Graphical Report Design with iReport: Part 1

To add the connection, we need to click on the New button, select Database JDBC connection, and then click on the Next> button.

Graphical Report Design with iReport: Part 1

We then need to select the appropriate JDBC driver, fill in the connection information, and click on the Save button.

Graphical Report Design with iReport: Part 1

Before saving the database connection properties, it is a good idea to click on theTest button to make sure we can connect to the database. If we can, we should see a pop-up window like the following:

Graphical Report Design with iReport: Part 1

After verifying that we can successfully connect to the database, we are ready to create some database reports.

Creating a database report in record time

iReport contains a wizard that allows us to quickly generate database reports (very useful if the boss asks for a report 15 minutes before the quitting time on a Friday!). The wizard allows us to use one of the predefined templates that are included with iReport. The included report templates are divided into two groups: templates laid out in a “columnar” manner and templates laid out in a “tabular” manner. Columnar templates generate reports that are laid out in columns, and tabular templates generate reports that are laid out like a table.

In this section, we will create a report displaying all the aircraft with a horsepower of 1000 or more.

To quickly create a database report, we need to go to File | New | Report Wizard.

Graphical Report Design with iReport: Part 1

We should then enter an appropriate name and location for our report and click on Next>.

Graphical Report Design with iReport: Part 1

Next, we need to select the datasource or database connection to use for our report. For our example, we will use the JDBC connection we configured in the previous section. We can then enter the database query we will use to create the report. Alternatively, we can use the iReport query designer to design the query.

For individuals with SQL experience, in many cases it is easier to come up with the database query in a separate database client tool and then paste it in the Query text area than using the query designer.

Graphical Report Design with iReport: Part 1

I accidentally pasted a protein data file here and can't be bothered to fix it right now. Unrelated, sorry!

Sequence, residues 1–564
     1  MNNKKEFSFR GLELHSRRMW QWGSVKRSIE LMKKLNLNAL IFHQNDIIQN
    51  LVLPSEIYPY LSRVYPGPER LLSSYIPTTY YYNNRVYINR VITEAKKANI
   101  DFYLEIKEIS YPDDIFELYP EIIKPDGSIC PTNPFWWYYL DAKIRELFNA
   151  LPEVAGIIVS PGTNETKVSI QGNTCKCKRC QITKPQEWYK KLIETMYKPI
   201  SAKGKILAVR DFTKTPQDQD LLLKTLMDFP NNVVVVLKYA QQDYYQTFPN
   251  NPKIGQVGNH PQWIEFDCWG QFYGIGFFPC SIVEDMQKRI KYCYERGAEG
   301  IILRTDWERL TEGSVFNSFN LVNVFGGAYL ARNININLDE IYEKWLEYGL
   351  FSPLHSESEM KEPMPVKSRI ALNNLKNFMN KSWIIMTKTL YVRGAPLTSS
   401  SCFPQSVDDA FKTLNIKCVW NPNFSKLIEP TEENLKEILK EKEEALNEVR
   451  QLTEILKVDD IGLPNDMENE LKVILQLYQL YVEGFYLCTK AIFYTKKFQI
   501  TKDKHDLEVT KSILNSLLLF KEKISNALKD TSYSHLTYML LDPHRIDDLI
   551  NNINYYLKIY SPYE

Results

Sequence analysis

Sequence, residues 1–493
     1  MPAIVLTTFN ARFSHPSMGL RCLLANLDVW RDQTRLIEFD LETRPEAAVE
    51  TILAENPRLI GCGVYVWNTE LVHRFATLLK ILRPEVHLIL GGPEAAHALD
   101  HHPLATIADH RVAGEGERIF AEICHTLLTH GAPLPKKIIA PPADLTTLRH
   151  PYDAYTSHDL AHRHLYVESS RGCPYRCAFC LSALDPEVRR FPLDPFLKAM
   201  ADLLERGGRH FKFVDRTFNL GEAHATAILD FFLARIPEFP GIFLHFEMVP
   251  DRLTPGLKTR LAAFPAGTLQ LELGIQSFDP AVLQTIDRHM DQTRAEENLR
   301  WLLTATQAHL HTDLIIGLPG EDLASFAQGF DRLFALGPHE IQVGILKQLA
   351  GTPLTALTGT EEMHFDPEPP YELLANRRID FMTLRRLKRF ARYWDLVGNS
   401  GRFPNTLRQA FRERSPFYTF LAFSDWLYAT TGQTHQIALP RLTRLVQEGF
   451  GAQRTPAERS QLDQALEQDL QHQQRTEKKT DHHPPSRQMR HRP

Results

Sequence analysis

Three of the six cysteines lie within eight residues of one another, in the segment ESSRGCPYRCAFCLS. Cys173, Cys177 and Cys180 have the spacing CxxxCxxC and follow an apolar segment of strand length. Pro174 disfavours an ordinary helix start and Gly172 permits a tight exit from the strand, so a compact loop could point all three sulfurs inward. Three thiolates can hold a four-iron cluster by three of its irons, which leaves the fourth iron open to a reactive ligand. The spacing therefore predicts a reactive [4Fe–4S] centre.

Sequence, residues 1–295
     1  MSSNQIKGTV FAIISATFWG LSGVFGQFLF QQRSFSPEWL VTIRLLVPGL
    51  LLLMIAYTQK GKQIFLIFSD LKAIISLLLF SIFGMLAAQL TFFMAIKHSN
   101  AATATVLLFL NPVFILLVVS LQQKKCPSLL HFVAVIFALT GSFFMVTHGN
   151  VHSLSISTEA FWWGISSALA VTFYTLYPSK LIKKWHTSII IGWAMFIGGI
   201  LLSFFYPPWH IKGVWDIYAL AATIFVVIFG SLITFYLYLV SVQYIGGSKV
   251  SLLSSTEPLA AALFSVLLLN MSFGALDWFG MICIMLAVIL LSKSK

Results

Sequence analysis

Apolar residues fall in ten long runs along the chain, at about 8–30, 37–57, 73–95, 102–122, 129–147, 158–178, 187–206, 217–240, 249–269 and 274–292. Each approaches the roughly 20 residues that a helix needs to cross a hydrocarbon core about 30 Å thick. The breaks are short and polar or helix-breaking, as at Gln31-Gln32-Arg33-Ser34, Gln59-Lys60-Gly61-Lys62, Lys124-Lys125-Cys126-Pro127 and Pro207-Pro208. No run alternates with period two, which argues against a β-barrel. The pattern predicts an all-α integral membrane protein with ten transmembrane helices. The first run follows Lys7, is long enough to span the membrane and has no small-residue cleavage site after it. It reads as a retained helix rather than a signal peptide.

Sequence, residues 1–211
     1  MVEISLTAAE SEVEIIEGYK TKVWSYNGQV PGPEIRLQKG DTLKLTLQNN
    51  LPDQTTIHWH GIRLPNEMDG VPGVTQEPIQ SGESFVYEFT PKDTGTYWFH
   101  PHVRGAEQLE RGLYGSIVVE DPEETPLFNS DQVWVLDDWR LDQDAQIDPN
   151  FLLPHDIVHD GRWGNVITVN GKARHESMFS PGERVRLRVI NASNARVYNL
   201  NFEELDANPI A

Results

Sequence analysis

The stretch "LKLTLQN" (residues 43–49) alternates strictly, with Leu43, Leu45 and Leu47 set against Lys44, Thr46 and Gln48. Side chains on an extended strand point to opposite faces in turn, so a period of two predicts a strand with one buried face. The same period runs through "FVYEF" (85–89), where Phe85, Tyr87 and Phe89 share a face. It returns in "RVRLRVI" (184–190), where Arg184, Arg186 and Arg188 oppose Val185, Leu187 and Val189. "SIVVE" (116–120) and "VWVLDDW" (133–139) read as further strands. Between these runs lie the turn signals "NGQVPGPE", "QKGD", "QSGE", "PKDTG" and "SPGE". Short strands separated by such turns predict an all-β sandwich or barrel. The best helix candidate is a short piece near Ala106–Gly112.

The complete query for the report is:

select
a.tail_num,
a.aircraft_serial,
am.model as aircraft_model,
ae.model as engine_model
from aircraft a, aircraft_models am, aircraft_engines ae
where a.aircraft_model_code = am.aircraft_model_code
and a.aircraft_engine_code = ae.aircraft_engine_code
and ae.horsepower >= 1000

The following window shows a list of all the columns selected in the query, allowing us to select which ones we would like to use as report fields:

Graphical Report Design with iReport: Part 1

In this case, we want the data for all columns in the query to be displayed in the report. Therefore, we select all columns by clicking on the second button.

We then select how we want to group the data and click on Next>. This creates a report group.

Graphical Report Design with iReport: Part 1

In this example, we will not group the report data. The screenshot illustrates how the drop-down box contains the report fields selected in the previous step.

We then select the report layout (Columnar or Tabular). In this example, we will use the Tabular Layout.

Graphical Report Design with iReport: Part 1

After selecting the layout, we click on Next> to be presented with the last step.

Graphical Report Design with iReport: Part 1

We then click on Finish to generate the report’s JRXML template.

Graphical Report Design with iReport: Part 1

While the template is automatically saved when it is created, the report generated by the Preview button is not automatically saved.

We can then preview our report by clicking on Preview.

Graphical Report Design with iReport: Part 1

That’s it! We have created a report by simply entering a query and selecting a few options from a wizard.